Know your enemy : Identifying grub damage
Symptoms of white grub infestation include wilting of grass in patches, eventually turning brown or dying, sod that pulls up easily, in one piece, with the white grubs then visible underneath, feeding on the roots. Increased feeding activity of birds, moles, raccoons,etc. are another sign, you may notice holes in the sod where critters have been digging. The damage is most noticeable in Fall or in dry spells, though serious infestations may be visible in Spring.
Dead brown areas can have other causes, such as pet urine, improper use of fertilizer or insecticide, turf diseases or improper mowing, so be sure to identify the problem before trying to treat it! In the case of grubs, if the insects are not easily visible just under the turf, there is no point in treating for them.
The usual suspects....
The white grubs you will find feasting on grass roots are the larvae of several members of the beetle family, having an idea WHO you're hosting helps in controlling them.
All are fat white C-shaped grubs, with brown heads and six legs, but the larvae of the May or June beetle can easily be 2" in length. This species can remain underground up to four years before becoming a winged adult, so timing of chemical controls is not as crucial, though they must be applied when the ground is warm enough for the grubs to be actively feeding.
Japanese beetle larvae are smaller, about 1/2 inch, and have a noticeable V-shaped pattern on the 'raster', the dark bristly area at the end of the abdomen. Japanese beetles complete their life cycle in one year, laying eggs in mid-July which hatch in early August, chemical controls should be applied at that time while larvae are most susceptible.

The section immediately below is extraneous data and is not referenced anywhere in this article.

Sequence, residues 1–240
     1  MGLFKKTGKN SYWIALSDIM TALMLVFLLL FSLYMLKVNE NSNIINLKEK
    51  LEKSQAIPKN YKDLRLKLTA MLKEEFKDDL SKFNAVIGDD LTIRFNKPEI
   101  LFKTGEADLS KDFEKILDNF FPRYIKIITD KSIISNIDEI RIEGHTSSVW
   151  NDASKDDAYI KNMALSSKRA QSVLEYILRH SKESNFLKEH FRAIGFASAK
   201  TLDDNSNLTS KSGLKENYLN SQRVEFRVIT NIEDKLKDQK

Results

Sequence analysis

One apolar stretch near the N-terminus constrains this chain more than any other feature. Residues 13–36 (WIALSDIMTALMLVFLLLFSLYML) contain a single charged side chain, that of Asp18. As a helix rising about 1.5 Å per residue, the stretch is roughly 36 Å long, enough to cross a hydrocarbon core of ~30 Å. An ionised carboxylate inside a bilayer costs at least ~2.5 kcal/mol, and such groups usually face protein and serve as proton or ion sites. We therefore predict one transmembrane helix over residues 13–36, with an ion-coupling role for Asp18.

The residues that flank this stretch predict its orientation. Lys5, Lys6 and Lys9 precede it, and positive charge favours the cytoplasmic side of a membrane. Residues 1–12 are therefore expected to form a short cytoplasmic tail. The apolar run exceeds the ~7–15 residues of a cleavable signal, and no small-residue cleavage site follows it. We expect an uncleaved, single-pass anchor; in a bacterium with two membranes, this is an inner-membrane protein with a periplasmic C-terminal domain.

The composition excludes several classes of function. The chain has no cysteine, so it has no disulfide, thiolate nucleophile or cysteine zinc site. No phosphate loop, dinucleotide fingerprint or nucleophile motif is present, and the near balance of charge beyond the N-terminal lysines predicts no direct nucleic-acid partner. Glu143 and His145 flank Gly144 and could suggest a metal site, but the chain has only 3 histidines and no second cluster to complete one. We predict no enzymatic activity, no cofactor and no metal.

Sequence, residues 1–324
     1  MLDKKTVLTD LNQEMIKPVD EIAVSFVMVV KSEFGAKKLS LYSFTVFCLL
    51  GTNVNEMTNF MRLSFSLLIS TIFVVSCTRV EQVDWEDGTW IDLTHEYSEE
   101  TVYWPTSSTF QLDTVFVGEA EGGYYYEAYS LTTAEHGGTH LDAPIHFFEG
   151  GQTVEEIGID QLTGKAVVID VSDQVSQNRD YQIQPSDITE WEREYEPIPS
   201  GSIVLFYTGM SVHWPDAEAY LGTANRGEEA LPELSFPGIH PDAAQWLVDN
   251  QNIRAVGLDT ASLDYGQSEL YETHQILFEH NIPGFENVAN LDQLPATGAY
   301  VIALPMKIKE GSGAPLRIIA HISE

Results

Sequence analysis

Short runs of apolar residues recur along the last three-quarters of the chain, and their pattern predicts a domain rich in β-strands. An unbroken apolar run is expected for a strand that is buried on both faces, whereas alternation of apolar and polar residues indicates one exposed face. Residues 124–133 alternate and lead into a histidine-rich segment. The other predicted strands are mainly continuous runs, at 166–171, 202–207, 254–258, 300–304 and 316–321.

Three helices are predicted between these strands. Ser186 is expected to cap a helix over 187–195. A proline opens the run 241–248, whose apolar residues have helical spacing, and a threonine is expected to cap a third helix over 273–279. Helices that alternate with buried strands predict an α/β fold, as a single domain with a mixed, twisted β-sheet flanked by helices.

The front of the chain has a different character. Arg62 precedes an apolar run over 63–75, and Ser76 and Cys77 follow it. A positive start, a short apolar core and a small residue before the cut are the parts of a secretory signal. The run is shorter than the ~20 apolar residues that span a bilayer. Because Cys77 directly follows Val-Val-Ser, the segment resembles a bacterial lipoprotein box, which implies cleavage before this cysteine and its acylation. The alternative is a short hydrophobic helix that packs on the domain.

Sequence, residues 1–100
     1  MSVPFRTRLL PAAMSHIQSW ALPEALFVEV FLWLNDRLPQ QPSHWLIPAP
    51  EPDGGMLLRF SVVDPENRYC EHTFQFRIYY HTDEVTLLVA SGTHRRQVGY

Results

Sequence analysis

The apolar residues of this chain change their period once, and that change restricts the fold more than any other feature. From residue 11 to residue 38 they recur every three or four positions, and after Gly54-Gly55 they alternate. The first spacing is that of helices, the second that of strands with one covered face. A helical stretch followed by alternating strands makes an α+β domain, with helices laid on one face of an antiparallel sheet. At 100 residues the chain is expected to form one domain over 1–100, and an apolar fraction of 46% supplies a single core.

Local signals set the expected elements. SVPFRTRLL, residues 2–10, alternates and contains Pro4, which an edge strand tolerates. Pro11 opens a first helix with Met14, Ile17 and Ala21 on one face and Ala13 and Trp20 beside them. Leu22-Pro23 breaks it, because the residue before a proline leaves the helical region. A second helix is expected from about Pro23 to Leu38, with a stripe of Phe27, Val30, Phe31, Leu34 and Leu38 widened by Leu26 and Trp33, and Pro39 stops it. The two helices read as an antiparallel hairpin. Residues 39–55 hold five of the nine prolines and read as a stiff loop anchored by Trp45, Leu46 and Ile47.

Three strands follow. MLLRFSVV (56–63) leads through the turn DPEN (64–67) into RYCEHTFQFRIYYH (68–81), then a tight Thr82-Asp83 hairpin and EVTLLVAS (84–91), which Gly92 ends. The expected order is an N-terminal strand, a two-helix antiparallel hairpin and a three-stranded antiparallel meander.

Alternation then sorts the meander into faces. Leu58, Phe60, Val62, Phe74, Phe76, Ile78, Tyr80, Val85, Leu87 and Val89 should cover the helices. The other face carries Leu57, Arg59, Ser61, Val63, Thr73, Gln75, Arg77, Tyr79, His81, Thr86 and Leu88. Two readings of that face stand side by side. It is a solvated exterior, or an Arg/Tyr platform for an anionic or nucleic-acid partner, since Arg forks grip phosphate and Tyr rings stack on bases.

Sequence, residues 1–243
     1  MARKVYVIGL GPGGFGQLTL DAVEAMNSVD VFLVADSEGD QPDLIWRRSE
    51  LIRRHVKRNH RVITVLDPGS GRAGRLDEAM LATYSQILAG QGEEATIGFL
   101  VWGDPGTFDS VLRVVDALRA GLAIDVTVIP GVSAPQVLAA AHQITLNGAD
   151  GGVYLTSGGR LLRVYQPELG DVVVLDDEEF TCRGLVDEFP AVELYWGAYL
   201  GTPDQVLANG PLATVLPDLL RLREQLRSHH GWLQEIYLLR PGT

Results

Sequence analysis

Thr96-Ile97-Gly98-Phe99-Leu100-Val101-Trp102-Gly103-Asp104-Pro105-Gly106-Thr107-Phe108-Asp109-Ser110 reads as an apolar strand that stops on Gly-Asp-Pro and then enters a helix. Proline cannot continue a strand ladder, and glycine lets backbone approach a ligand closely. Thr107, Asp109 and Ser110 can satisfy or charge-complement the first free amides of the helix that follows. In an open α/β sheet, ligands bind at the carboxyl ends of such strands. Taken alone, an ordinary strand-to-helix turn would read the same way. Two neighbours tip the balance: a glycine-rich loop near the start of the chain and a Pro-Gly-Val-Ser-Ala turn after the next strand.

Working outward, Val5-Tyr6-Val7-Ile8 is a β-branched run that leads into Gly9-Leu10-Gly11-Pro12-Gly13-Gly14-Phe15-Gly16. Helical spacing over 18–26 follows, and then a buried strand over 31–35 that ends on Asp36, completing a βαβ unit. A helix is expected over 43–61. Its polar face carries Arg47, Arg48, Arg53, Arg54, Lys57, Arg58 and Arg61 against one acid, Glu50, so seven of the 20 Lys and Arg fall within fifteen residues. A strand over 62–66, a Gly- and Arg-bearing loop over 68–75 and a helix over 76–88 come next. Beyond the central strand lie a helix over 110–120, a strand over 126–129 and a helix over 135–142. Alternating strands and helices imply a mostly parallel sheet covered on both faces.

Masked chafer grubs are similar to Japanese beetle larvae in size, but lack the V-pattern on the raster.Unlike Japanese beetles, the adults of this species are short-lived, and do not eat while in the winged state. Their life cycle is similar, with August being the time to apply chemical controls.
Dates given above for applications are most applicable for Zone 5, your local County Cooperative Extension Service will be happy to help you with timing treatments in your specific area. Any pesticide you choose MUST be labeled for use on white grubs, and label directions MUST be followed exactly.
Preventing grub infestations: biological controls
There are a few natural controls available to treat your lawn BEFORE grubs become a problem.
Milky spore disease, which is most effective against Japanese beetles, and to a lesser extent against May/June beetles. The bacteria that cause the disease affect only white grubs, and after proper 'inoculation' into a lawn area, remain active in the soil for years. The bacteria need to be present in the soil BEFORE the grubs begin feeding to be most effective, as the disease can take months to kill established grubs.
Beneficial Nematodes are microscopic, nonsegmented worms that occur naturally in soil all around the world. Steinernema carpocapsae and Steinernema feltiae prey on ants, termites and the larval and grub stages of various beetles, weevils, armyworms, cutworms, chafers, webworms, borers, maggots, fleas, fungus gnats (sciarid flies). Once they are released, the nematodes seek out host insects and enter their prey through body openings and emit an endo-toxin that results in death for the host insect within 48 hours. The nematodes reproduce and their offspring feed on the insect cadaver and emerge to seek out new hosts.
Nematodes are easy to use. They are shipped in a formulation that you mix with water. The solution can be applied using a watering can; hose end, backpack, or pump sprayers; or through irrigation or misting systems. Always release early in the morning or late afternoon when temperatures are cooler. Generally, 1 vial of Beneficial Nematodes will effectively treat approximately 900 sq. ft. of conventional garden rows. Make releases every 3-6 weeks or until infestation subsides. Nematodes can be stored in the refrigerator (do not freeze!) for up to 2 months.
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